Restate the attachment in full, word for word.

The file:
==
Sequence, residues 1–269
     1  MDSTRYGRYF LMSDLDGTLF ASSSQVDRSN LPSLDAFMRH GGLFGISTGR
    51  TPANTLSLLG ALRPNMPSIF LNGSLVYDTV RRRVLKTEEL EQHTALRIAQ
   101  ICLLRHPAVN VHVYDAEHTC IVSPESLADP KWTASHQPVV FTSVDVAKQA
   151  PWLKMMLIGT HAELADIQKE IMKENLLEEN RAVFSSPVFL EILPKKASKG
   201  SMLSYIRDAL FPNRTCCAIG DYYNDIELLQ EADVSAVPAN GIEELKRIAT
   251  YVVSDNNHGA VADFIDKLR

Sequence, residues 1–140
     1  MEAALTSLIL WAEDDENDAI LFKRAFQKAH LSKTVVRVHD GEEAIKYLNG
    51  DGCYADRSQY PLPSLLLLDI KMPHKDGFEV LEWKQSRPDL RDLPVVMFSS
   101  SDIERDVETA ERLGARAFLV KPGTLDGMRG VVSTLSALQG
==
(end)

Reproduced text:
Sequence, residues 1–269
     1  MDSTRYGRYF LMSDLDGTLF ASSSQVDRSN LPSLDAFMRH GGLFGISTGR
    51  TPANTLSLLG ALRPNMPSIF LNGSLVYDTV RRRVLKTEEL EQHTALRIAQ
   101  ICLLRHPAVN VHVYDAEHTC IVSPESLADP KWTASHQPVV FTSVDVAKQA
   151  PWLKMMLIGT HAELADIQKE IMKENLLEEN RAVFSSPVFL EILPKKASKG
   201  SMLSYIRDAL FPNRTCCAIG DYYNDIELLQ EADVSAVPAN GIEELKRIAT
   251  YVVSDNNHGA VADFIDKLR

Sequence, residues 1–140
     1  MEAALTSLIL WAEDDENDAI LFKRAFQKAH LSKTVVRVHD GEEAIKYLNG
    51  DGCYADRSQY PLPSLLLLDI KMPHKDGFEV LEWKQSRPDL RDLPVVMFSS
   101  SDIERDVETA ERLGARAFLV KPGTLDGMRG VVSTLSALQG